RogerBW's Blog

Seventh Harpoon PBEM AAR: Hurrying Home 30 March 2015

This scenario is set in 1975; it deals with a British carrier group, heading home across the Atlantic at the outbreak of war, attacked by Soviet submarine and air forces. Total play time has been nearly two months, my goodness.

The core of the group is Ark Royal, the Audacious-class launched in 1950; she carries Phantoms, Buccaneers, and Gannet radar planes. She is escorted by Bristol, the historically unique Type 82 destroyer, and three Type 21 frigates, Alacrity, Amazon and Ambuscade, with a variety of Sea King and other helicopters.

Going up against this force are two Foxtrot-class and two Romeo-class attack submarines, one Echo missile boat, and four Bear and four Backfire bombers. (The Backfires are on call at Murmansk, and take time to arrive.)

Because this is a mid-oceanic scenario, my usual TPC plots weren't available – the charts don't cover areas far from land, or over such wide areas at a time. The engine can plot on a plain blue field, but that seemed uninteresting; I was able to get an OpenStreetMap plotting engine up and running just in time.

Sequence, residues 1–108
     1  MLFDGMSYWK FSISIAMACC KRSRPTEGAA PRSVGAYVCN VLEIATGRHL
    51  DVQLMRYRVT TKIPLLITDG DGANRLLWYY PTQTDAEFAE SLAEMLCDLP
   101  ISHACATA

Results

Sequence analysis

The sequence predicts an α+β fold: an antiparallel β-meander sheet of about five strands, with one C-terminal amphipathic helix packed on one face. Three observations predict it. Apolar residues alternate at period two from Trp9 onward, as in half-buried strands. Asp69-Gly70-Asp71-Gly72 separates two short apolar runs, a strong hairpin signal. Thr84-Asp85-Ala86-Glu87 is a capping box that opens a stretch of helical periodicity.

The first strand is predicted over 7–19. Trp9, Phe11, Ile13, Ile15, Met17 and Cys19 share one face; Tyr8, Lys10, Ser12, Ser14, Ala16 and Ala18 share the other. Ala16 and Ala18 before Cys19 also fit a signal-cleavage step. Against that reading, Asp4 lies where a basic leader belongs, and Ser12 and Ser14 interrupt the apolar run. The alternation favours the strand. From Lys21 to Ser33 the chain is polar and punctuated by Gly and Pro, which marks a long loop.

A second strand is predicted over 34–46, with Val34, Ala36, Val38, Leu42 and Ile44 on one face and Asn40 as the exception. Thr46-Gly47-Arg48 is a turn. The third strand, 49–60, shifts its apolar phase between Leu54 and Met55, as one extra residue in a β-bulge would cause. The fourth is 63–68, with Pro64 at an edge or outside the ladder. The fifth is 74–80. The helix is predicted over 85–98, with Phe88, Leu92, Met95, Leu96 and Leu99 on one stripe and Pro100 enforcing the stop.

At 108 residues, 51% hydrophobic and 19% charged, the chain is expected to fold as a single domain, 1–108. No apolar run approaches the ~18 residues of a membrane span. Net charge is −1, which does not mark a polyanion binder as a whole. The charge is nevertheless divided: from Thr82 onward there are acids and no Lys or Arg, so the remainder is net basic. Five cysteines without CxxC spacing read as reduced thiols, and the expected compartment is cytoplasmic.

The British chose to conduct extensive single-aircraft patrols: three of the four Gannets were aloft, and many of the Phantoms and Buccaneers too – the latter scanning the sea surface with their search radars.

The Soviets laid out their submarines in a patrol line, the Echo to the south.

The game was intended to start at 0700 when the British first picked up the approaching Bears, but aggressive patrolling meant this happened earlier than planned, with first contact around 0630. The Bears' ESM picked up a welter of aircraft and surface radars.

The British soon had positive tracks on two of the three Bear groups, and ESM on the third; fighters moved in to engage with Sky Flash.

With two of the Bears knocked down easily, Blue decided to try to take the third with guns.

And rather to everyone's surprise (particularly his own), the Bear's tail-gunner managed to dispatch the attacking fighter.